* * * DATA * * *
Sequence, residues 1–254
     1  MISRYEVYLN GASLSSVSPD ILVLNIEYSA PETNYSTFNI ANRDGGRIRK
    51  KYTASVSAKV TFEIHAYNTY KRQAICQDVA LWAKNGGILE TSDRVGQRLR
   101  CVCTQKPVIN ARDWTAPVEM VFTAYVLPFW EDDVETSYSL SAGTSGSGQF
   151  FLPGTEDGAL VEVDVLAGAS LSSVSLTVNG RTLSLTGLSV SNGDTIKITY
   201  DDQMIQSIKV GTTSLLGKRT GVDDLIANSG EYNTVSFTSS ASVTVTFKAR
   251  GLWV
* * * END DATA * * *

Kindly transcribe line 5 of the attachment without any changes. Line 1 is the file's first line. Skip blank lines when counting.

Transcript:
   151  FLPGTEDGAL VEVDVLAGAS LSSVSLTVNG RTLSLTGLSV SNGDTIKITY